On February 15, three members of the San Francisco School Board lost a recall election. Numerous pundits say this means that Democrats have gone too far to the left, or alternatively, they have become too “woke.” Whatever you want to conclude about these particular School Board members, that’s not the problem for Democrats nationally.
The problem is that right wingers have controlled and are controlling the political narrative. They have a strategy of flooding both broadcast and social media with continuous political attacks, crowding out more legitimate discourse. It doesn’t matter if Democrats or progressives have done something “wrong,” the right wing just misinterprets or invents claims to fit their spin. Progressives, Democrats and the mainstream media fall victim to this “flood the zone” strategy, repeating the charges and making wide-eyed rebuttals, as if anyone is listening to them.
The real solution is for progressives to stop focusing so much on right wing lies and aggressively pitch their own political narratives. We need to frame the debate.
To explain, let’s review what we mean by message framing. In politics, message framing usually refers to the words we use for persuasion on individual issues. For example: Say “climate change” instead of “global warming.” Say “civil justice” instead of “tort reform.” Say “hardworking Americans” instead of “the poor.” Say “our society” or “our community” instead of “the government.” Say “fair markets” instead of “free markets.” (For hundreds more, see Voicing Our Values, PLI’s messaging handbook.)
But it is equally important to frame entire political campaigns or election seasons. An election is really not won on issues – it is won by convincing Americans that the election is “about” something broad and rather vague. Looking just at presidential campaigns, because we all know about those, 2020 was a straightforward referendum on Donald Trump; 2016 was about white people “taking back” the country after a black president; 2008 was about change and hope; 2004 was won by Bush’s attacks on Kerry as “weak” in the midst of the war on terror; 2000 was the “compassionate conservative,” and so forth. There’s been no decisive “issue” for decades.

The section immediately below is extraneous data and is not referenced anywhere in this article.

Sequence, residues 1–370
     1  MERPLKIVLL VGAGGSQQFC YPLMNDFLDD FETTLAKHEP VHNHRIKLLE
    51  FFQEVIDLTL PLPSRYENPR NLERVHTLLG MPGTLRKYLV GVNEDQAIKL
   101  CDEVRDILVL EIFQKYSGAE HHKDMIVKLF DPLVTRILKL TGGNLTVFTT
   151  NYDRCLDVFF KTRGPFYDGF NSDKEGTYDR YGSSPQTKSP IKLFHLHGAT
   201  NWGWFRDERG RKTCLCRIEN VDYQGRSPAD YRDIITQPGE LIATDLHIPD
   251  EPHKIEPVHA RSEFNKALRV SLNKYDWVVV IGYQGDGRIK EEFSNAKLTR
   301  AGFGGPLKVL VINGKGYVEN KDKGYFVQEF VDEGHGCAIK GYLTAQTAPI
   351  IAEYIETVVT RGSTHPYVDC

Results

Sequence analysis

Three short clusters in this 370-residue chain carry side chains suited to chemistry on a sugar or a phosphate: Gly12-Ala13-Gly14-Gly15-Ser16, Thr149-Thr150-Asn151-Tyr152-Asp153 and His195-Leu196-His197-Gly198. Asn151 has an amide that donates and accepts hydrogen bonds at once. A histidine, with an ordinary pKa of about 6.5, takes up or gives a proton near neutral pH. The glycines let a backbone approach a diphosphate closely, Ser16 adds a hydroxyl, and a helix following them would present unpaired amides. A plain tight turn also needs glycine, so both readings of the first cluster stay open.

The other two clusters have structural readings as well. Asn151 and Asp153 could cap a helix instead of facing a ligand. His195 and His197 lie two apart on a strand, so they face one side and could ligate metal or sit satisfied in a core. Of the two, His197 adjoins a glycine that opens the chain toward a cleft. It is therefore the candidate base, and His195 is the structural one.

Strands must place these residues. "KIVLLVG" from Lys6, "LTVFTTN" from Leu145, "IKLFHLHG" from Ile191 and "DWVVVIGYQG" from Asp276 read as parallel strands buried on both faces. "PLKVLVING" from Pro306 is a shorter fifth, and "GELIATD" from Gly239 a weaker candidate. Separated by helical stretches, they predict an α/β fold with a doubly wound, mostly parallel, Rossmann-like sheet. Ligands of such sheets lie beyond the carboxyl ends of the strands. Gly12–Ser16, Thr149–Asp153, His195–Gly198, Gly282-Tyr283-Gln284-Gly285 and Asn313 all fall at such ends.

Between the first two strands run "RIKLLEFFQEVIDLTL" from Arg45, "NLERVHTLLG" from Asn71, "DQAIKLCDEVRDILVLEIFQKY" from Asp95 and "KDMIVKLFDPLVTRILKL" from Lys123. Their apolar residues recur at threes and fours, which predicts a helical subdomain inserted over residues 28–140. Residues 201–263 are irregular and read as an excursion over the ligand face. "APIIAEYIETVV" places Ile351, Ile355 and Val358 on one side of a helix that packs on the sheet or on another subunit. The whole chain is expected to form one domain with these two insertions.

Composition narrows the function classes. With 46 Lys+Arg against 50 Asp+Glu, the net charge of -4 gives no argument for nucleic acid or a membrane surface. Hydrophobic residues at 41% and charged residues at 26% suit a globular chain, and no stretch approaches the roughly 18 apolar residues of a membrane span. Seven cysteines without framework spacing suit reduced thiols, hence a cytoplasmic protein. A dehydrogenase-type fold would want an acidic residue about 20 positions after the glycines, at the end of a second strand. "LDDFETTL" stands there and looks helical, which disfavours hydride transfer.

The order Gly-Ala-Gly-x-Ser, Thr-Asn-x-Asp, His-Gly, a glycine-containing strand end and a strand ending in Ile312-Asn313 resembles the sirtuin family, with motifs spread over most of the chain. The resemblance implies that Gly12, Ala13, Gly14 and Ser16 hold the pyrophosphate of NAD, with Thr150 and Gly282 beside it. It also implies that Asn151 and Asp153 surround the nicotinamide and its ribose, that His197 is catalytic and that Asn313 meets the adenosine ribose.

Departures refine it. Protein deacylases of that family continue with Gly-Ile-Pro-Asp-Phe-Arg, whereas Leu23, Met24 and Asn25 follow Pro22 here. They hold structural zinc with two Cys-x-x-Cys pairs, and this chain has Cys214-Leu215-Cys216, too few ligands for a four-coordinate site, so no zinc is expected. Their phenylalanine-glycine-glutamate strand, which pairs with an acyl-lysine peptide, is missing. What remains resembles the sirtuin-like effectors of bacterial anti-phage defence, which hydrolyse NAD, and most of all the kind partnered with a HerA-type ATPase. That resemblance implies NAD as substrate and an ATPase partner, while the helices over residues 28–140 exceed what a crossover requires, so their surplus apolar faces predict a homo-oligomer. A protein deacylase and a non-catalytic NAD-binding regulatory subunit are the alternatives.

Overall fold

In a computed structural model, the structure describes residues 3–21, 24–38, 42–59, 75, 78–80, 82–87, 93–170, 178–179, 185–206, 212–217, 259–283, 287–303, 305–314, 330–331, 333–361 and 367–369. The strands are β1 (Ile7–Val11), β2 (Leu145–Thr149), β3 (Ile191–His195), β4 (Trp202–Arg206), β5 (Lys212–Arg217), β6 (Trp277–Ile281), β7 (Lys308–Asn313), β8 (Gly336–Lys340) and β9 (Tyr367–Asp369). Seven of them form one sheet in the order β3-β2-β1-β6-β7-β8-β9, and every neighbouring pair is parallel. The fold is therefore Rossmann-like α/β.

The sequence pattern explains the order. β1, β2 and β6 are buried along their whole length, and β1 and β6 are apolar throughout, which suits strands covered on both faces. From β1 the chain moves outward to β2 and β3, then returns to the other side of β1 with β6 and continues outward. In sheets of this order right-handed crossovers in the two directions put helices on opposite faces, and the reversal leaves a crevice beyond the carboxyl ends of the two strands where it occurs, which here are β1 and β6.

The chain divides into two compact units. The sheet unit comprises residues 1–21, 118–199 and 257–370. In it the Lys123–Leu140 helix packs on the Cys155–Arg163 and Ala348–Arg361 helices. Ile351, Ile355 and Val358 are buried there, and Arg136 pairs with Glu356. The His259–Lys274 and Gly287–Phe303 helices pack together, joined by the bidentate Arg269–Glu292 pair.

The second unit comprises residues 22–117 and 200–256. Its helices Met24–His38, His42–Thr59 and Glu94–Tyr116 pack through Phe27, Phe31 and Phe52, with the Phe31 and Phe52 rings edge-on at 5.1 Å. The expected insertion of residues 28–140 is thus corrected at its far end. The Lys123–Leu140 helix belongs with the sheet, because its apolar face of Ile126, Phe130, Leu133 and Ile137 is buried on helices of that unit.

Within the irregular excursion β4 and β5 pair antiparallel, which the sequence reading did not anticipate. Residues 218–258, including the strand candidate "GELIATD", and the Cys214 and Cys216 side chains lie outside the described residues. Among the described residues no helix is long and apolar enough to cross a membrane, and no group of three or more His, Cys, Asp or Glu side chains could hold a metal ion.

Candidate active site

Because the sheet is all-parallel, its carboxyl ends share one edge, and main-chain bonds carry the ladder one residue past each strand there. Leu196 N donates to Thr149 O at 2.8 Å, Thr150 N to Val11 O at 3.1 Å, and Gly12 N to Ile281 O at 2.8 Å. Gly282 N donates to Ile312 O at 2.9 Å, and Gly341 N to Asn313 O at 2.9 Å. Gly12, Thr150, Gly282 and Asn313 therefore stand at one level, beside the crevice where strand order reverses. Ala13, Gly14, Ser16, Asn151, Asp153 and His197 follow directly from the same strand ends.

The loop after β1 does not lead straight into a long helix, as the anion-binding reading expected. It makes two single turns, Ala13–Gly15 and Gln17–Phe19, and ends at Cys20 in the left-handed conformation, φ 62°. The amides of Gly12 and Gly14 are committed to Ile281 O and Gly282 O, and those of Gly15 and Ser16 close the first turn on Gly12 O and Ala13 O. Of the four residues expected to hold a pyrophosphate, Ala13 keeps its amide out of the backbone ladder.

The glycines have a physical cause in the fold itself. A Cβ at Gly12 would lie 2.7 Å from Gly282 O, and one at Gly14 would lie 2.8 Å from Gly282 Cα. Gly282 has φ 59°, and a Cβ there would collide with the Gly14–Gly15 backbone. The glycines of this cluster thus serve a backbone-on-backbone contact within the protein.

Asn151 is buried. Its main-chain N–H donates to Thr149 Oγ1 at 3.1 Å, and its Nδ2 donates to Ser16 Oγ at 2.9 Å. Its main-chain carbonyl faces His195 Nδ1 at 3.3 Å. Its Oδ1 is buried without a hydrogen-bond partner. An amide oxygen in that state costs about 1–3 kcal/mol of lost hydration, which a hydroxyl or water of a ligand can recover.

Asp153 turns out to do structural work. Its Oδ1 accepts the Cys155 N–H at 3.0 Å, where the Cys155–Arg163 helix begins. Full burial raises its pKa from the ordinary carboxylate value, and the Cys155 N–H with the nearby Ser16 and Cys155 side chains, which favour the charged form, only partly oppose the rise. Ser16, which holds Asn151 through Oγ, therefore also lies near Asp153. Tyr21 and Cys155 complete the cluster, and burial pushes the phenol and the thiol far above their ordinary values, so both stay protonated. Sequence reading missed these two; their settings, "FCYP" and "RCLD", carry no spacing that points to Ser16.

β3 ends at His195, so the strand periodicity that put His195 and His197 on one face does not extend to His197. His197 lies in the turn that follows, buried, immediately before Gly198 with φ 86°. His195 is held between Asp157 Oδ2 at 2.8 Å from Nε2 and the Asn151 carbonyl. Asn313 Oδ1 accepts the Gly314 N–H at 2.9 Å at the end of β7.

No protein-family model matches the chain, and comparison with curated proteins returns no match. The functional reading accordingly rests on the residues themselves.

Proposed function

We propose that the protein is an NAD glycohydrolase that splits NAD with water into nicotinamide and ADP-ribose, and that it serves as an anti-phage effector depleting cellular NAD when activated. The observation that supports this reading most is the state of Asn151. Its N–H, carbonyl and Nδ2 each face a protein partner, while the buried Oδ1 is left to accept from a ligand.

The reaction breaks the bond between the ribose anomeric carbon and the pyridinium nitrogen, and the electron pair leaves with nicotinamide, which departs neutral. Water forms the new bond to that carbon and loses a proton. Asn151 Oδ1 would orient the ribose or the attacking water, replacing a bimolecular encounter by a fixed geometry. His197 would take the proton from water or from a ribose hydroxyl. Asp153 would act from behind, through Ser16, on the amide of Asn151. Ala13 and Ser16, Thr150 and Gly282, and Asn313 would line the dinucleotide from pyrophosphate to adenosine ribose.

Perhaps you’re old enough to remember the 1992 Clinton campaign when the frame was “it’s the economy, stupid.” It’s the question that mattered. If, by voting, Americans were deciding “who’s best on the economy,” then Bill Clinton was the obvious answer. If voters thought their ballots were answering another question, like “who’s best on foreign policy,” Bush would have been the answer.
What is the question that frames 2022? That’s the most important thing. If national leaders, state leaders or individual candidates could decide that frame, then they could introduce legislation, hold hearings, give speeches, use paid and earned media to say and do things that emphasize the real choice in 2022.
Don’t let the extremes of any or either side throw us off course. Focus on the solutions that matter to voters. Not the slogans that only matter on Twitter…
Republicans will claim they’re on the side of parents and family values, but they will do nothing for actual parents or families. Nothing on child care, nothing on paid leave, nothing to help working moms and dads get by and get ahead.
They’ll ban books but do nothing about guns. They’ll make it harder for people to vote but easier for big corporations to bust unions. They’ll let polluters trash our environment and let Donald Trump trash our democracy.
The question is, who’s going to deliver real solutions for voters? Our side has practical programs. You can mention a few that have been adopted and others that we’re fighting for. In contrast, conservatives offer nothing. Remember, they didn’t even adopt a platform at the 2020 GOP National Convention, something they’ve done every four years since 1856. Conservatives have got nothing to say except a collection of lies and absurdities.
(Of course, such a message doesn’t work if our side continues to belittle our leaders’ own accomplishments.)